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New measures introduced to halt the spread of Avian Flu


04 November 2022

Avian flu guidance logo

North Northamptonshire Council is reminding anyone who keeps birds that they will legally have to keep their birds housed from Monday, November 7 to minimise the risk of avian flu.

The housing measures legally require all bird keepers to keep their birds indoors and to follow stringent biosecurity measures to help protect their flocks from the disease, regardless of type or size.

The Government order will extend the mandatory housing measures already in force in the hot spot area of Suffolk, Norfolk and parts of Essex to the whole of England following an increase in the national risk of bird flu in wild birds to very high.

Over the last year, the United Kingdom has faced its largest ever outbreak of avian influenza with over 200 cases confirmed since late October 2021. The introduction of the housing measures comes after the disease was detected at over 70 premises nationwide since the beginning of October, as well as multiple reports in wild birds.

The Chief Veterinary Officer is now encouraging all bird keepers across England to use the week to prepare, including taking steps to safeguard animal welfare, consult their private vet and expand housing where necessary.

It is vital that anyone who keeps poultry or other captive birds, ensures they are kept housed, to help stop the spread of Avian flu.

This is the largest ever outbreak in the UK and while the concentration of cases so far has been in the East region we must do everything we can to try and stop the spread.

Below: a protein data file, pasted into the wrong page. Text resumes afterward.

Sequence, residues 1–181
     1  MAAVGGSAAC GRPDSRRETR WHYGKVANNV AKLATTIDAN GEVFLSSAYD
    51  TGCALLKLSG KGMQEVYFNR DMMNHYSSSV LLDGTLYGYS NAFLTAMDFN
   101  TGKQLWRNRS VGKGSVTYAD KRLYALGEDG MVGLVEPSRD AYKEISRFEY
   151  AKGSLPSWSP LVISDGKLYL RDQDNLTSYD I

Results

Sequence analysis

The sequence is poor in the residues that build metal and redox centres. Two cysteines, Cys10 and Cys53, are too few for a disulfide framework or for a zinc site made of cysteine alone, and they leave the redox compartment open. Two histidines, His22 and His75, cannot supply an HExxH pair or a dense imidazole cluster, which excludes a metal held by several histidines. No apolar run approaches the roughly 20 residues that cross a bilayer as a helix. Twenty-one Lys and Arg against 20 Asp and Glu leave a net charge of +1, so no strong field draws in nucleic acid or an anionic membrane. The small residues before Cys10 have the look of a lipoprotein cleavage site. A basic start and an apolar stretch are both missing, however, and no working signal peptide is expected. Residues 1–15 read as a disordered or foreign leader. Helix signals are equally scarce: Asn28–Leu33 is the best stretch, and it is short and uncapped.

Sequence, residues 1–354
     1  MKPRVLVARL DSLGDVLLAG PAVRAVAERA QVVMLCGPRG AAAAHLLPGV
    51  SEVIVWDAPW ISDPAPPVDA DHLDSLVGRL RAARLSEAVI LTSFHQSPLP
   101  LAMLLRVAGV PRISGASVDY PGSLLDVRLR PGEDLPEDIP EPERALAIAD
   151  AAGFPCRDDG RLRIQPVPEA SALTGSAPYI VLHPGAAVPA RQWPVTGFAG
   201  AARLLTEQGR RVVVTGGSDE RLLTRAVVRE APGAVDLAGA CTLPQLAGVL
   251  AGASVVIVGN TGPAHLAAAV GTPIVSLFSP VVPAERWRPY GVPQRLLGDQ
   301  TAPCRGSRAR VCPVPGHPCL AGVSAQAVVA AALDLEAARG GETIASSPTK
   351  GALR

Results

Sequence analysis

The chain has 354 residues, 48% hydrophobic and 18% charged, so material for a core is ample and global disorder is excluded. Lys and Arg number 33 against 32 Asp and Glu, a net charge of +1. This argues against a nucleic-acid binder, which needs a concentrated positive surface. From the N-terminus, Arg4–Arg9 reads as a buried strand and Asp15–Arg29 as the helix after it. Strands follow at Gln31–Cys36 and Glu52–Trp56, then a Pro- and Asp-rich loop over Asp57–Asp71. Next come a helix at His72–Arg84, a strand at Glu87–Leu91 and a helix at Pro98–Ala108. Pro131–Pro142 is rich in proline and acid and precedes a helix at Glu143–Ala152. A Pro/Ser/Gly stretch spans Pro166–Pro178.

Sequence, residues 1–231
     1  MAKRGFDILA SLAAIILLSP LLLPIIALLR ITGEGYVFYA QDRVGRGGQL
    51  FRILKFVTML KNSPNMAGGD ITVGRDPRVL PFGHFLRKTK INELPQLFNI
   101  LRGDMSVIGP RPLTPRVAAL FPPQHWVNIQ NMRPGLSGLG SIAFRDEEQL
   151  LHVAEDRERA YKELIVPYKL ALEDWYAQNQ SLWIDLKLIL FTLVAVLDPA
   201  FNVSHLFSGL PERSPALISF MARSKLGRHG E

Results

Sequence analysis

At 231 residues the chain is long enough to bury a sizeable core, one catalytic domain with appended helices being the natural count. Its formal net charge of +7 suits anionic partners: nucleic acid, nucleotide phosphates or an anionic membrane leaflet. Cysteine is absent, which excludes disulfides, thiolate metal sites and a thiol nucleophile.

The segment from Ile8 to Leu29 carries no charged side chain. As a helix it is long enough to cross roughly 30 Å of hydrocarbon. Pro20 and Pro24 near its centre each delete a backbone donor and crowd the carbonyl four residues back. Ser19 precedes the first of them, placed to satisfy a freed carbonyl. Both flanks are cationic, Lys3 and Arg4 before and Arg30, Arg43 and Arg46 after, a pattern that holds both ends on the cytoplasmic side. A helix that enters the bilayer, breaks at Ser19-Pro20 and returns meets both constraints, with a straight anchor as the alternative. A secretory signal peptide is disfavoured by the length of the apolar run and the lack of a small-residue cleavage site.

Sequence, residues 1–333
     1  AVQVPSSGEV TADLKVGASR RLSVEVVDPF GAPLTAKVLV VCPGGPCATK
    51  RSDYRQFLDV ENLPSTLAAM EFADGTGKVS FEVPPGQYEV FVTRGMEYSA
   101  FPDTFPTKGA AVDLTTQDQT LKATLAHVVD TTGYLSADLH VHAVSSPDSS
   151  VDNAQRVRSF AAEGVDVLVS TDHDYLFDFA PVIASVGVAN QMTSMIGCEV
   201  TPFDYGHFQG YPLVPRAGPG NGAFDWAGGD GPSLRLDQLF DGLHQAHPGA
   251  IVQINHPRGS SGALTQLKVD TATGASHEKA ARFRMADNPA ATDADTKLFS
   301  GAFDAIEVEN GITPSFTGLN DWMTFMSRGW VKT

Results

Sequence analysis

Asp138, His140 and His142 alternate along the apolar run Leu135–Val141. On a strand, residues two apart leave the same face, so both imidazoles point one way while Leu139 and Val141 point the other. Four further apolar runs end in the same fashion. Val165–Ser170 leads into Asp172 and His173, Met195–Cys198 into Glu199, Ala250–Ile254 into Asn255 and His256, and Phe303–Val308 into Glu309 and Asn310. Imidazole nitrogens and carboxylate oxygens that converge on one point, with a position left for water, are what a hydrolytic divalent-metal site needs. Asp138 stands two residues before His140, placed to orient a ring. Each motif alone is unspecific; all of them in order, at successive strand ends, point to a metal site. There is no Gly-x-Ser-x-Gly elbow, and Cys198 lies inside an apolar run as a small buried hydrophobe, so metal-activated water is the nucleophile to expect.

Cllr David Brackenbury, the council’s Executive Member for Growth and Infrastructure

All bird keepers, whether they have pet birds, commercial flocks or just a few birds in a backyard, must keep a close watch on them for signs of disease and maintain good biosecurity at all times. If they have any concerns about the health of birds, they are asked to notify the Animal and Plant Health Agency immediately.

We know this is not going to be easy for bird keepers, but I hope everyone can appreciate why the Government has taken this decision. I would urge anyone who has a responsibility for birds to look at the advice and make sure you are following the current rules.Cllr Jason Smithers, Leader of NNC

The addition of housing measures to the AIPZ already in force across England means all bird keepers across England from 00.01 on November 7, bird keepers must:

  • house or net all poultry and captive birds
  • cleanse and disinfect clothing, footwear, equipment and vehicles before and after contact with poultry and captive birds – if practical, use disposable protective clothing
  • reduce the movement of people, vehicles or equipment to and from areas where poultry and captive birds are kept, to minimise contamination from manure, slurry and other products, and use effective vermin control
  • keep records of mortality, movement of poultry and poultry products and any changes in production
  • thoroughly cleanse and disinfect housing on a continuous basis
  • keep fresh disinfectant at the right concentration at all farm and poultry housing entry and exit points
  • minimise direct and indirect contact between poultry and captive birds and wild birds, including making sure all feed and water is not accessible to wild birds
  • prevent access by poultry to ponds and watercourses and ensure that birds are kept in fenced or enclosed areas

Registering birds

People are being asked to register poultry, even if only kept as pets, so Defra can contact them during an outbreak. This is a legal requirement if people have 50 or more birds. 

Poultry includes chickens, ducks, turkeys, geese, pigeon, partridge, quail, guinea fowl and pheasants.